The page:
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KJP says Biden will NOT pardon Hunter

White House press secretary Karine Jean-Pierre strongly rejected the possibility of President Biden granting a pardon to his son, Hunter Biden, who is currently negotiating a new plea deal with the Justice Department related to allegations of tax evasion. In response to a reporter's query about the potential for a presidential pardon, Jean-Pierre firmly stated, "No." She then cut off further questioning from the reporter with a curt reminder of her previous response.

This standout moment marks an unusual and definitive stance from the White House concerning Hunter Biden's legal challenges. It came on the heels of the president's son appearing in a Delaware federal court, where the initial plea deal disintegrated during a lengthy court hearing lasting nearly three hours.

Throughout that day, the White House skillfully evaded inquiries about Hunter Biden's legal woes by emphasizing that he is a private citizen and portraying the matter as a personal one. Jean-Pierre reiterated this stance on Wednesday, noting that President Biden and the first lady love their son and are supportive as he works towards rebuilding his life.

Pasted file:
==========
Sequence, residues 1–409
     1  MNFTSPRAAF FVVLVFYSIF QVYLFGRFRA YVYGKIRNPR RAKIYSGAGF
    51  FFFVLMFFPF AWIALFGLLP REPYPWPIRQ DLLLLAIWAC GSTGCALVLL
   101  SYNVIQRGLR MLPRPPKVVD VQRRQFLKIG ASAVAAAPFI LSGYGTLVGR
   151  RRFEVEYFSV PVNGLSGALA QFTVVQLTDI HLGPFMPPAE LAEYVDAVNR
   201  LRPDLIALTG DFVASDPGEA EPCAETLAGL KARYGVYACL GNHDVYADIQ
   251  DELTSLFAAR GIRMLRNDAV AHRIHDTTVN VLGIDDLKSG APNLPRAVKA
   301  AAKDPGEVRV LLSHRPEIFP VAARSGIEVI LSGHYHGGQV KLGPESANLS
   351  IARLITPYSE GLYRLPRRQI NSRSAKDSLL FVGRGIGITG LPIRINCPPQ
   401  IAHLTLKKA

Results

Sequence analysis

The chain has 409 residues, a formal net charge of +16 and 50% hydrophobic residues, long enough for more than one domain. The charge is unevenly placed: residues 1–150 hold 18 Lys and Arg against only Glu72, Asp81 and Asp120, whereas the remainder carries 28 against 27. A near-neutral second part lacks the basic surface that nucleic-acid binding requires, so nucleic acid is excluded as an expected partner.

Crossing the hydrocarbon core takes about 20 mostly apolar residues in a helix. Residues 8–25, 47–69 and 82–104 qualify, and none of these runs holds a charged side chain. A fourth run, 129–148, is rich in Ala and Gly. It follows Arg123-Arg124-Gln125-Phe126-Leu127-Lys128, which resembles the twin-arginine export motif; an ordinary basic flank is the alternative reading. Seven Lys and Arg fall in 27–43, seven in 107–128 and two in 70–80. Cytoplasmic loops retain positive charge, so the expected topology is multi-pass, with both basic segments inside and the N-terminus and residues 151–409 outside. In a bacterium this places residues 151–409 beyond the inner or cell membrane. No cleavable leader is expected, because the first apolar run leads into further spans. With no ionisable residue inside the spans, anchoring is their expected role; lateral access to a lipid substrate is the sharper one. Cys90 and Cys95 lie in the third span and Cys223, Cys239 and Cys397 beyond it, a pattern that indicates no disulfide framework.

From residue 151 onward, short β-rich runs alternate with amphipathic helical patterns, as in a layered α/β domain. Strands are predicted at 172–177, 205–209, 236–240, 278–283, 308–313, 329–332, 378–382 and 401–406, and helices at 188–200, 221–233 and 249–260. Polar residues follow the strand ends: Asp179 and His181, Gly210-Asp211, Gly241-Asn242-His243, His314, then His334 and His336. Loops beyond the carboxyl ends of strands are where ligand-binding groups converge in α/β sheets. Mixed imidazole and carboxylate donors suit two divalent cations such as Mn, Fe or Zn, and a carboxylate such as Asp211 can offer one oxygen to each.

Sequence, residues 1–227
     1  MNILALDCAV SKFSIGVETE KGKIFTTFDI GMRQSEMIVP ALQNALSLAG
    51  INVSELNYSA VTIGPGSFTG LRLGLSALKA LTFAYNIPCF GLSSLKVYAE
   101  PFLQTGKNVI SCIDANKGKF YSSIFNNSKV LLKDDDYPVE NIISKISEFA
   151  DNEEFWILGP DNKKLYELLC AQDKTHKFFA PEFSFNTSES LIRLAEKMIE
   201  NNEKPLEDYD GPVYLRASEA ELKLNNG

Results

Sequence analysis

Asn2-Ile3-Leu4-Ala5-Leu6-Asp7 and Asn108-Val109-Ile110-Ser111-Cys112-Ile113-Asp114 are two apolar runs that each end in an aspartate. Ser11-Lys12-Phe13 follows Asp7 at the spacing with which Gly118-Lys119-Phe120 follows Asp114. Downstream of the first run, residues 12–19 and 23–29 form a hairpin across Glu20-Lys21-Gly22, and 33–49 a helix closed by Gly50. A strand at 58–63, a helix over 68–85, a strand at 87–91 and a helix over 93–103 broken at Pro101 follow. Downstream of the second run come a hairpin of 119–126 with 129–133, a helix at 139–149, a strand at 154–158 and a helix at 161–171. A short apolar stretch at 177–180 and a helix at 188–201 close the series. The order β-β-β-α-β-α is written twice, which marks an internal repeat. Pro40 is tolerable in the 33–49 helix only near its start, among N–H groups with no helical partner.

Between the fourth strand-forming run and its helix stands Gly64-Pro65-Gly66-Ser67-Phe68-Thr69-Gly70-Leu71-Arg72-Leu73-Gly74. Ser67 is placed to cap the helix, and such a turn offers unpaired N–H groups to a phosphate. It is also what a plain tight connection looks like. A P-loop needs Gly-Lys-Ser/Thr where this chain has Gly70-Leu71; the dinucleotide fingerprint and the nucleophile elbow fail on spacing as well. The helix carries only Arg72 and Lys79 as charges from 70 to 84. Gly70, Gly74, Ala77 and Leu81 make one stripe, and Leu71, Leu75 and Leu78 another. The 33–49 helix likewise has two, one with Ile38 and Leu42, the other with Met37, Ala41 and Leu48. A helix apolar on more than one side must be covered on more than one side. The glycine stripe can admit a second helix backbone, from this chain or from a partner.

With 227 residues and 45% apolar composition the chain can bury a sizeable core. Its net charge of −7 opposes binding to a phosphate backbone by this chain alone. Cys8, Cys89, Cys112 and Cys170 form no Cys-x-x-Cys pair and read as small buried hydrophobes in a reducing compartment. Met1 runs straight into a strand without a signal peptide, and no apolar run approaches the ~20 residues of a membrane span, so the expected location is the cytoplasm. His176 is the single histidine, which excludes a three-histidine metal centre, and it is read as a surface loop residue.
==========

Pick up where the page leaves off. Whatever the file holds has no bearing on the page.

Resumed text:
The White House has consistently emphasized the independent nature of the Justice Department, redirecting questions about Hunter Biden's case to the agency. It has also highlighted that the investigation was overseen by a prosecutor appointed under the previous administration of President Trump.

Echoing this sentiment, Jean-Pierre maintained that the DOJ operates autonomously when questioned about any preferential treatment requested by President Biden, his family, members of his administration, or even former President Trump.

On Wednesday, Hunter Biden was expected to enter a guilty plea to two misdemeanor charges for willful failure to pay income taxes as part of a previously announced agreement with the Justice Department. However, he surprised many by pleading not guilty, causing a pause in the plea deal that involved tax and gun charges. The presiding judge raised concerns about the scope and terms of the agreement, leading to this unexpected development in the case.

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